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ECONOMYNEXT – Sri Lanka should set up a currency board to halt further currency slides, US economist Steve Hanke has said as the island’s currency plummeted from 203 to 290 to the US dollar in an attempt to float the currency which has yet to succeed.

“Since January 1, 2022, the Sri Lankan rupee has depreciated by around 26% against the US dollar. #SriLanka’s severe balance of payments crisis and recent fuel price hikes are sinking LKA” said Hanke, a professor of applied economics at Johns Hopkins University in Baltimore, in a post on twitter.com.

“To alleviate the crisis, LKA must install a currency board, like the one it had from 1884 to 1950.”

Sri Lanka – then Ceylon – set up the currency board after the Ceylon rupee issued by the Oriental Bank Corporation stopped exchanging money for rupee notes, the so-called technically a suspension of convertibility.

A modern central bank also attempts a float in the same way, although the bank is not closed.

A currency board is easy to set up and will end balance of payments problems forever, isolating the public and also politicians from the Keynesians who print money to manipulate interest rates.

Currency boards have very low interest rates about 50 basis points higher than those of the anchor currency by automatic tightening to prevent the build-up of imbalances.

The anchor currency of the currency board can be the US dollar, euro, Swiss franc, Swedish krona or Singapore dollar, which is among the countries with the best monetary policy in the world.

Hanke prepared a manual on how to set up a currency, including measures for war-torn countries where the monetary authority could be incorporated overseas to prevent any warlord from getting their hands on reservations.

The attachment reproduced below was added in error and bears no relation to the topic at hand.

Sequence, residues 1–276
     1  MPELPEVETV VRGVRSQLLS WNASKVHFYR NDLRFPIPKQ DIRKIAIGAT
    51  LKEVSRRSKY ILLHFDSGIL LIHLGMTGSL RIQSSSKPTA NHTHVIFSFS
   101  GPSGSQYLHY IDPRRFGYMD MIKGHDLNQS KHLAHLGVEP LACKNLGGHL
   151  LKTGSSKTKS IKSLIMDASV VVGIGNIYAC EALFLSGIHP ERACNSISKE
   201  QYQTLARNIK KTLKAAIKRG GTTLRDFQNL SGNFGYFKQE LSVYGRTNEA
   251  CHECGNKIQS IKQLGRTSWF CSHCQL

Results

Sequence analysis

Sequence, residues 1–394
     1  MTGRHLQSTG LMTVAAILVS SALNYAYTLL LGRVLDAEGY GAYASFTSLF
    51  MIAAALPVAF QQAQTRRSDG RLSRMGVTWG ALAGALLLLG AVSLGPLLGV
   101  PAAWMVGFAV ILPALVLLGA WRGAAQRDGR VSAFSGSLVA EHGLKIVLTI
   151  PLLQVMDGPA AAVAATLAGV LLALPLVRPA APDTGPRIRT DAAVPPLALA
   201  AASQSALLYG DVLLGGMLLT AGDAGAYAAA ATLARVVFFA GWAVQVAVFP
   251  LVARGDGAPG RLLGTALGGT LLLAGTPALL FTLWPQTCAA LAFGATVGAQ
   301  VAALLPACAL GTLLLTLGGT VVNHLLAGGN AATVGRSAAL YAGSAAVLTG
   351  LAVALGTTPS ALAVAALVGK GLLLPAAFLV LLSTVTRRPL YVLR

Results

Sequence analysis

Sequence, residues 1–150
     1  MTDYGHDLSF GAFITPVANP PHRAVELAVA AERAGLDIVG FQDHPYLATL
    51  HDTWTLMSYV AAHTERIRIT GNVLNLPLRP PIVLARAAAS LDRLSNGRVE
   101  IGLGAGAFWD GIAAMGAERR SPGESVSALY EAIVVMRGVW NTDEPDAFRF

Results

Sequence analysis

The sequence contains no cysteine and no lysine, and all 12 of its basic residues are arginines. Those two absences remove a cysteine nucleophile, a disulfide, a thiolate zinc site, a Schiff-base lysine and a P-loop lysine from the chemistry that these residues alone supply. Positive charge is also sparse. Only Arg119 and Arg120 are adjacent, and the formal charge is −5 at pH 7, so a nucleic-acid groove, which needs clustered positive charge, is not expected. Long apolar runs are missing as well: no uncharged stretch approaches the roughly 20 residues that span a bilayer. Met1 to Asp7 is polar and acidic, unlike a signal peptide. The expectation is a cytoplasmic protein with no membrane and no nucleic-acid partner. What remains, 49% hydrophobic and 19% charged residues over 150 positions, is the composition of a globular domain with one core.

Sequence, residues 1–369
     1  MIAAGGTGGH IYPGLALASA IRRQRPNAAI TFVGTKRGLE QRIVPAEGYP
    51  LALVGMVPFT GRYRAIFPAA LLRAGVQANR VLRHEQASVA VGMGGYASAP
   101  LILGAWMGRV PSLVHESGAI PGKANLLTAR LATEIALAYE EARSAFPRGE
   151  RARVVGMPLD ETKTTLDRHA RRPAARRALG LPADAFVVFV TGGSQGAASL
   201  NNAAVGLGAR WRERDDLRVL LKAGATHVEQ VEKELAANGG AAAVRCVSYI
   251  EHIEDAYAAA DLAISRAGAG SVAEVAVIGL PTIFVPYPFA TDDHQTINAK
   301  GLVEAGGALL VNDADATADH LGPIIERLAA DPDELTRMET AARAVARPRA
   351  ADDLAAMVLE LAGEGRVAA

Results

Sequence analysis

In 2018, Sri Lanka was put in the extraordinary position of a ruling politician, then minister Harsha de Silva, publicly pleading with the central bank to raise rates as part of a stop-print bid. monetary policy, after having given it full operational independence to inject liquidity.

At the time, taxes were raising taxes to reduce the deficit and a politically expensive price or fuel formula was put in place, but money was printed to create balance of payments problems by the so-called saying “overnight money rate targeting”.

Money was also injected through rupee-to-dollar swaps of the style used to break East Asian ankles during the crisis by speculators (Soros-style swaps). Speculators were unable to break the Hong Kong currency board during the East Asian currency board, but instead suffered massive losses on swap costs.

In 2020, the policy took several steps forward by paralyzing note and bond auctions with price controls. Now the rupee is hit by a surrender rule, analysts have warned.

Analysts have called for tough laws to block the central bank’s “domestic operations” through which balance-of-payments troubles are created, or to set up an orthodox currency board.

When the Oriental Bank Corporation closed in Ceylon in the 19th century, the Mercantile Bank, which also issued notes, provided convertibility at par.

Oriental Bank Corporation ran out of cash reserves due to bad debts. A modern central bank is short of dollar reserves due to direct government financing of deficits, refinancing of credit programs, and sterilized interventions or provision of reserves for imports.